Ink ductor rollers, as well as other rollers in the inking system which are part of the ink distribution arrangement, frequently have a surface which is other than smooth, that is, is stippled, knurled, or formed with minute depressions to better receive and transmit ink. Engagement of such rollers causes difficulties at the surfaces thereof.
It is an object to provide an inking system which is operable in either intermittent, lifter operation mode, or as a continuous ink film system, and in which rollers which may, or may not, have special surface structures are used and can cooperate without mutual damage, and in which only a minimum of rollers are required for selective ink transfer from an ink trough.
Briefly, an additional ink transfer roller is provided which has a hard surface and which can be selectively positioned in ink transfer relationship to the lifter roller, when film mode of operation is desired, the lifter roller then remaining in continuous engagement with the ink transfer roller, or out of engagement with the ink lifter roller, in which second lifter or strip ink mode, the ink lifter roller will alternately contact the ductor roller or the receiving transfer roller. In continuous ink film mode of operation, the additional transfer roller receives ink from the ductor roller for subsequent transfer via the lifter roller to the receiving and transfer roller.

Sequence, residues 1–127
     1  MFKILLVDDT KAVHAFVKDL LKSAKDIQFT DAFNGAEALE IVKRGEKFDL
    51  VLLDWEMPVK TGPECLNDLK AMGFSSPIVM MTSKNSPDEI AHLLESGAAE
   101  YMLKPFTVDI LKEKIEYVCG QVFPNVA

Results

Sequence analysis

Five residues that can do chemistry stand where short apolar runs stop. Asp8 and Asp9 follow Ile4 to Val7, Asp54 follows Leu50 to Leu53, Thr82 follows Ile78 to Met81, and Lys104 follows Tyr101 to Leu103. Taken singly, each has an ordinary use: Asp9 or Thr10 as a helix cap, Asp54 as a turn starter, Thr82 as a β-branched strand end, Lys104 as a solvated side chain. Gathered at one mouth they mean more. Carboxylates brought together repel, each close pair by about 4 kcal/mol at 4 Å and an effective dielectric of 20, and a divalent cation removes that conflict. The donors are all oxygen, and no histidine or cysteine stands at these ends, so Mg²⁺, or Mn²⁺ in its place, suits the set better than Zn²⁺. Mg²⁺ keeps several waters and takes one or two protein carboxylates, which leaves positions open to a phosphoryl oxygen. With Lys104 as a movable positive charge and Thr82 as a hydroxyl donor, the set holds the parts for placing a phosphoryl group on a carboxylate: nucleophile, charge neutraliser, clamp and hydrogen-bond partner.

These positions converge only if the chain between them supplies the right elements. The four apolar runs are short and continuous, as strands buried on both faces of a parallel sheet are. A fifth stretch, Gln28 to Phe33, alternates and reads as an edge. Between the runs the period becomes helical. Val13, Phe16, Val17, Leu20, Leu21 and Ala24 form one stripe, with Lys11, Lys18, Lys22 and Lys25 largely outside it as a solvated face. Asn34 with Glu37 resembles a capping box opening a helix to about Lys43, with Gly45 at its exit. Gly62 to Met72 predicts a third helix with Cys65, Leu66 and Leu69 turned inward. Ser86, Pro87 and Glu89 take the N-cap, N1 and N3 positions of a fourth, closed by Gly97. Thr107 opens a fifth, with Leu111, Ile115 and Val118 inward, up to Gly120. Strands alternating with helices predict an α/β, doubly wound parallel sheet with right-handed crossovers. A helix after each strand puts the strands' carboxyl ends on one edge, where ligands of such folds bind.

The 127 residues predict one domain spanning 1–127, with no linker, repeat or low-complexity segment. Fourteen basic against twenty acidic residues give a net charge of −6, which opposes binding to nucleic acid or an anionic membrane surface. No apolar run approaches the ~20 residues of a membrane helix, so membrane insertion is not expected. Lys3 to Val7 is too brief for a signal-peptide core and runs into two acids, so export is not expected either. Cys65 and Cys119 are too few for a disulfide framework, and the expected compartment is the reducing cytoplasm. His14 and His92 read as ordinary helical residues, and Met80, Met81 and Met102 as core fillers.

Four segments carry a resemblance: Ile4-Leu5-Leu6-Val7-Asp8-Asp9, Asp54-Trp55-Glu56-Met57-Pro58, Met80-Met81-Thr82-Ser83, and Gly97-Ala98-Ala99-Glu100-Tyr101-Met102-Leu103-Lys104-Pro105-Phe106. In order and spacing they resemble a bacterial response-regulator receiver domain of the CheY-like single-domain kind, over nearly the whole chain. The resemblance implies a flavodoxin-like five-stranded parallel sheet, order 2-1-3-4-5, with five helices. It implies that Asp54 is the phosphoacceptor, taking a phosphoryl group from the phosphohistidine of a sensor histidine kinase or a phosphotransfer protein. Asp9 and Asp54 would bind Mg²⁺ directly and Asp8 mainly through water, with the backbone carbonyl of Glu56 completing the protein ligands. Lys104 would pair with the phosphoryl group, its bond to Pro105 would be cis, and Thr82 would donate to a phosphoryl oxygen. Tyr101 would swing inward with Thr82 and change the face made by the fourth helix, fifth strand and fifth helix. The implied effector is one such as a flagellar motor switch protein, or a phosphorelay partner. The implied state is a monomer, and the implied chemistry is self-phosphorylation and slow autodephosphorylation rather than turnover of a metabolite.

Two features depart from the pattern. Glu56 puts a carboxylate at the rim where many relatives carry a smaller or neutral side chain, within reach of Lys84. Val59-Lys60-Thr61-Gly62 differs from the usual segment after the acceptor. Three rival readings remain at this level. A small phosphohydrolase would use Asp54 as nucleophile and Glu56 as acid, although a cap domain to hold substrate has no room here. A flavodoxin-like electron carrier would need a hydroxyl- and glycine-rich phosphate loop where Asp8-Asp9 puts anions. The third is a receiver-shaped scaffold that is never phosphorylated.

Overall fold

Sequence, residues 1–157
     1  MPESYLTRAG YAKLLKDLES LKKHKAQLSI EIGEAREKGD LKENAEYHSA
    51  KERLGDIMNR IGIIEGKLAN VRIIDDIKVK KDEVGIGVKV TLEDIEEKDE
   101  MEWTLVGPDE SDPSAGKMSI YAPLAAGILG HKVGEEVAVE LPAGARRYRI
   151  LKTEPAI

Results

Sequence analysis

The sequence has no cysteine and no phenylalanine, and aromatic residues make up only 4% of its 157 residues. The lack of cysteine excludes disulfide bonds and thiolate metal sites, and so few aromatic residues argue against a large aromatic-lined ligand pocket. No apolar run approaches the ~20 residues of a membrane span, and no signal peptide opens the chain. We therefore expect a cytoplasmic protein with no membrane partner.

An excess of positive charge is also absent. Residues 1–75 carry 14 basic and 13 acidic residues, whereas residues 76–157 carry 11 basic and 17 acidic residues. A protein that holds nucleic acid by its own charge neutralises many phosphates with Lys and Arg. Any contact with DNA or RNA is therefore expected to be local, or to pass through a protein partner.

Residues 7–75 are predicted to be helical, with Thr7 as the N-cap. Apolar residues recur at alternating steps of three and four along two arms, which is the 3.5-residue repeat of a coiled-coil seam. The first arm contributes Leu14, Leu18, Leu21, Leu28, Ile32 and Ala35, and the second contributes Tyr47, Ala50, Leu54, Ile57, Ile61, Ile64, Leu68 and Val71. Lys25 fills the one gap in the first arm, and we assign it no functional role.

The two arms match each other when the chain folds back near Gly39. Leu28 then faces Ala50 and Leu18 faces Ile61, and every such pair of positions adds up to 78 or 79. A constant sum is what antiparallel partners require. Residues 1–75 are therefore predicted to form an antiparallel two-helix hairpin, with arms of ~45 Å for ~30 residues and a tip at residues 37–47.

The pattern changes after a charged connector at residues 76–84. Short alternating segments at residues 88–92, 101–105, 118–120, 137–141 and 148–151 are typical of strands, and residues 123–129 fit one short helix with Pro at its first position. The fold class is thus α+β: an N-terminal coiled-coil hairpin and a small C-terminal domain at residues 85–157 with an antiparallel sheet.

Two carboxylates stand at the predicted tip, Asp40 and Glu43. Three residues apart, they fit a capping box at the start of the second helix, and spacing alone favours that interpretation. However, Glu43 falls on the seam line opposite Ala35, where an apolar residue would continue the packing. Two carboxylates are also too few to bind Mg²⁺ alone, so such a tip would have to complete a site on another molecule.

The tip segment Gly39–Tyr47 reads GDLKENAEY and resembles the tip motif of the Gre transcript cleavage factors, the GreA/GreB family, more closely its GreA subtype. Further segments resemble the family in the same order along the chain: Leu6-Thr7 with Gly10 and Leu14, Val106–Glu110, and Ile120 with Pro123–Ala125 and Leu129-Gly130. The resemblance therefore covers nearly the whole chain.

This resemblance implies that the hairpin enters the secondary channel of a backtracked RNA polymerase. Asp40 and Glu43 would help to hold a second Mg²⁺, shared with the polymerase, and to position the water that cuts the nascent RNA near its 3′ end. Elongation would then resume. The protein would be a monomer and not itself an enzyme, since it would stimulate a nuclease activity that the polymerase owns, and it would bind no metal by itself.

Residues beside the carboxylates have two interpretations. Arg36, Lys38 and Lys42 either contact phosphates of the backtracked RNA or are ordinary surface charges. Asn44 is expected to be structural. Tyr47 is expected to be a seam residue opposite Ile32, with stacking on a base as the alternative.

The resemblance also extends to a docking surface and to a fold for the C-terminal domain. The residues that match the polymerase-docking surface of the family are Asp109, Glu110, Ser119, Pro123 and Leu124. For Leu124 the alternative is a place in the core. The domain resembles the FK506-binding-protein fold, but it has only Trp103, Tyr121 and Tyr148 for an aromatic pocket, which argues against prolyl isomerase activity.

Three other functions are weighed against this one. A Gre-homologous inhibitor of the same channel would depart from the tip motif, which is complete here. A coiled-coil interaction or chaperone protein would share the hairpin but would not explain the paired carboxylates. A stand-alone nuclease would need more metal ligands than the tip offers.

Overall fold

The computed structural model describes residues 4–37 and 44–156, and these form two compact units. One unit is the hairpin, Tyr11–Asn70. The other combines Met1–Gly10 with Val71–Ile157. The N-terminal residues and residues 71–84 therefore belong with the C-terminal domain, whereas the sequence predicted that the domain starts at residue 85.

The system has the advantage that the sequence of soft and hard surface configurations of the various distribution rollers within the inking system can be maintained; and, additionally, that the lifter roller, in intermittent mode, will engage a receiving roller with a smooth surface. The receiving roller can be axially oscillating. Thus, wear of the surfaces of the respectively engaged rollers is minimized. In film operation, a transfer or pick-up roller with a textured surface, i.e. a surface which is not smooth, can be used, providing for appropriate ink transfer.